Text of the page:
I'm going to try to use language to give you another idea about how to use language. I'm going to make it simple, because this can get very complex pretty fast. It's a tricky paradox, but you can tell me how I do.
I know it's possible to learn to not use dualistic - either/or type comparisons in the way that we talk when we give our explanations. There are many reasons to do this. One of the best is positivity. How come positive, happy experiences are regarded by most people in this culture as being so... banal? Why is negativity sensationalized? Of course, drama makes excitement.
What is deceptive here about experiencing virtual drama is that you get used to desensitizing your negative sensations. Your sensitivity in general eventually gets dulled, unless you know how to sharpen it. Then it's easy to forget that happy experiences are subtle and take some time to like something and enjoy doing it. You begin to assume that what will make you happy has the same intensity level as the excitements of (virtual) negativity. The danger is you might not recognize the subtle beginnings of potential happiness.
Opposites are a concept of our culture. The idea that if you feel something intense, it's opposite is a direct match; this is a seriously self-deceptive illusion. This has seeped into the way people talk. You don't need to use implied opposites used to illustrate your point, but many people use them exclusive examples.
There's more reasons that this use of language is a problem. It encourages misunderstanding almost as bad a using a cliche to talk about something. It also has the effect of creating positional arguments when there are none. This comparison of opposing characteristics is a very common activity that contributes to misunderstanding and positional arguing. Using opposites is an expression of a temporarily divided examples, and expression of an artificially divided self.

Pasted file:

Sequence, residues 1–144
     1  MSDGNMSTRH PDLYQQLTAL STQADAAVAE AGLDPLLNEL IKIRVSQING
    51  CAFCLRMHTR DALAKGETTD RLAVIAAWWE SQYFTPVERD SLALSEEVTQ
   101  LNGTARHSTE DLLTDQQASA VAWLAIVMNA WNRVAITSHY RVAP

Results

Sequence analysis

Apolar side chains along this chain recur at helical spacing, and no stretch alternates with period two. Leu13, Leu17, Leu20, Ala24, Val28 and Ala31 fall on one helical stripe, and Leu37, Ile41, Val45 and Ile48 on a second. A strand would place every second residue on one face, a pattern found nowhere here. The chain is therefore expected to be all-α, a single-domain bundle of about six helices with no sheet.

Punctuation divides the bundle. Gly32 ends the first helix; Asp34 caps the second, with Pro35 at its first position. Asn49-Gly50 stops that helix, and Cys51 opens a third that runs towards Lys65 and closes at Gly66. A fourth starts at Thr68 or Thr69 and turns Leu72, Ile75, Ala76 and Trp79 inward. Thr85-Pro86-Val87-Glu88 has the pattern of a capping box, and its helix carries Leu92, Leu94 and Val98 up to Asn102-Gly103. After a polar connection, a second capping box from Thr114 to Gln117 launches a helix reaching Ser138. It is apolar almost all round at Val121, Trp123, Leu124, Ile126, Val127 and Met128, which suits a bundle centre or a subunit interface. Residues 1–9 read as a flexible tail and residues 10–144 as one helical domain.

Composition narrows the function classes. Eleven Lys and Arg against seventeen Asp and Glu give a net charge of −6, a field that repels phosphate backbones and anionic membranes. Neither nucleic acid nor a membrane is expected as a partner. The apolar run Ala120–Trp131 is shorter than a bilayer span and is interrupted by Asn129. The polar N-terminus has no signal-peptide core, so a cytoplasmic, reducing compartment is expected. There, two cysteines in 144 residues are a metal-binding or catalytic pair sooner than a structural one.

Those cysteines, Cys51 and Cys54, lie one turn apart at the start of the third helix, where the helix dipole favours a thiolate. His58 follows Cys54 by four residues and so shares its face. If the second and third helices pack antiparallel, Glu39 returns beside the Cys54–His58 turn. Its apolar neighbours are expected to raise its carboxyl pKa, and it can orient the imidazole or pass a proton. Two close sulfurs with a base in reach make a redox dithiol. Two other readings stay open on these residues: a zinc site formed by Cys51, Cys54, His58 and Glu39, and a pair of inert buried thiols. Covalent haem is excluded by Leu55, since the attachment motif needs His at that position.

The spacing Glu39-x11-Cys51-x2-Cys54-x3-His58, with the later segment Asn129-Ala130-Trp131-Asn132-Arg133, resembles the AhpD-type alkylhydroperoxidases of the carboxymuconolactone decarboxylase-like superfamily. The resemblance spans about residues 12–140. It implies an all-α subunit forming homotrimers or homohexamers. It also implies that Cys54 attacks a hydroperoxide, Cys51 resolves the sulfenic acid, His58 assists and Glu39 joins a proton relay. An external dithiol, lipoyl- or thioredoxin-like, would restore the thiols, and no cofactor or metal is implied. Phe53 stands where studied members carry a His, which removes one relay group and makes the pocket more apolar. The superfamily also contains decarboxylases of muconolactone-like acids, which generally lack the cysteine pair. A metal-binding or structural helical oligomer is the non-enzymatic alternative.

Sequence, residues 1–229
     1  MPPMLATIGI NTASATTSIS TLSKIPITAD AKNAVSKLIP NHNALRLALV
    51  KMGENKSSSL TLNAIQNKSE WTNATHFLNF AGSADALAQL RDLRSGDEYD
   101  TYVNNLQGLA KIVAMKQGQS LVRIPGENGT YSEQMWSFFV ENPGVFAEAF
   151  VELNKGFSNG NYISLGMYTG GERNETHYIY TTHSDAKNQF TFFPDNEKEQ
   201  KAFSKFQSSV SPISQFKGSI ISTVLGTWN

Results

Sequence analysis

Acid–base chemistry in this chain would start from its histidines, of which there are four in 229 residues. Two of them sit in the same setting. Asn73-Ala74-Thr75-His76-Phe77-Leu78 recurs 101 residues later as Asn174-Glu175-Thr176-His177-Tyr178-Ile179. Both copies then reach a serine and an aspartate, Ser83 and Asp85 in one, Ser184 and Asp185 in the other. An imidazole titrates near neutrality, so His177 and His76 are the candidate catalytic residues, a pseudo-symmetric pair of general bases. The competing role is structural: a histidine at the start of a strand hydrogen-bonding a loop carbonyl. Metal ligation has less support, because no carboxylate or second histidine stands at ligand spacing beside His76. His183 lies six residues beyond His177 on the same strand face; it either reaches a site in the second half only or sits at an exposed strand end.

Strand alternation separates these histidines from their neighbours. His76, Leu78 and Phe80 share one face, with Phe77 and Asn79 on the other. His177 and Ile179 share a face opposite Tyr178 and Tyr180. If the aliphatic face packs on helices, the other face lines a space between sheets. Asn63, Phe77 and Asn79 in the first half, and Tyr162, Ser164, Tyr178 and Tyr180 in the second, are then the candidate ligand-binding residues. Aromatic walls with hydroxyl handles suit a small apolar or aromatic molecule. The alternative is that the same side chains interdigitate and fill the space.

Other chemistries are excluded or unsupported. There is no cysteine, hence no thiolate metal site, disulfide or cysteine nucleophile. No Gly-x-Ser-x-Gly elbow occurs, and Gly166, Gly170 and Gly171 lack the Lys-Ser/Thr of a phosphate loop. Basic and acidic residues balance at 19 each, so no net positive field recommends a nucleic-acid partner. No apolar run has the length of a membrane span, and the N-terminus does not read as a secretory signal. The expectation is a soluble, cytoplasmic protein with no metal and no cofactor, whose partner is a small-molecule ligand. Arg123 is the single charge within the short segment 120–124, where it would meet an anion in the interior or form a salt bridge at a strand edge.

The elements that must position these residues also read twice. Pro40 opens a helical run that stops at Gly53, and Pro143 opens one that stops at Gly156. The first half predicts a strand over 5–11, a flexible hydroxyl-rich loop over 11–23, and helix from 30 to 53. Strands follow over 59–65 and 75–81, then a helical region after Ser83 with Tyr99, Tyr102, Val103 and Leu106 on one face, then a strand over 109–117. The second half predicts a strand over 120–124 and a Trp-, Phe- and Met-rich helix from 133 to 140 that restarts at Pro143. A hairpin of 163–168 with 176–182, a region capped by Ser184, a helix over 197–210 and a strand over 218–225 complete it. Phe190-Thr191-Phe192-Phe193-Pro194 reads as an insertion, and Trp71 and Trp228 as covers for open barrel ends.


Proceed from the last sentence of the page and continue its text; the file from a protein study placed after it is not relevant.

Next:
We do it everywhere, it's very common. We have to work really hard to NOT do it. (See, I did it there. I could have said it takes a great deal of effort to both interrupt your own habit of stating something in the negative AND in the next moment come up with another creative response.) But the worst trouble with statements that claim their value by using an implied opposite is that everybody has assigned a different opposite to the one you imply. You don't communicate unless you can read each other's mind.
Many times, when looking for an instance, people go to the extreme to illustrate their point. That attraction to the extreme seems artificial. Life isn't often that neat and obvious. It turns out that generalizations can be very slimy communication tools.
It's a bit like a parent giving a toddler two things to choose from; the intent is to give the poor kid the idea that they have the ability to make their own decisions. The "twick" is (as my four year old friend Adam says) to be able to think of another choice that has another set of choices that answers both their choice and what you want. Pretty good for a kid, huh?
This idea plays into a great many other possible deceptions. ...advertising, sales, consciousness seeking...etc. To me it's important because it's a basic negociation skill in bargaining who gets whose way and how long they have to wait for it.
Comparison doesn't have to go on in this black & white way. For instance, a new use of language becoming common right now might be springing from the urge to build models with language. We can now say something is LIKE, you know, like! something else. Uttering the word "like" may be evolving into making the word "like" stand for the act of comparison as a trigger word, rather than doing the comparative metaphorical activity.
This has escalated to a style of expressionistic talking, such as, "...and I said, like, who would know that, like, he did it?..." Possibly meaning: "I said, like, (as if someone else were saying it,) who would know (for instance) he did it?" Possibly, the idea of using "like" here, is to try out a comment on other people before claiming authorship. Some people would be upset at any catch-all linguistic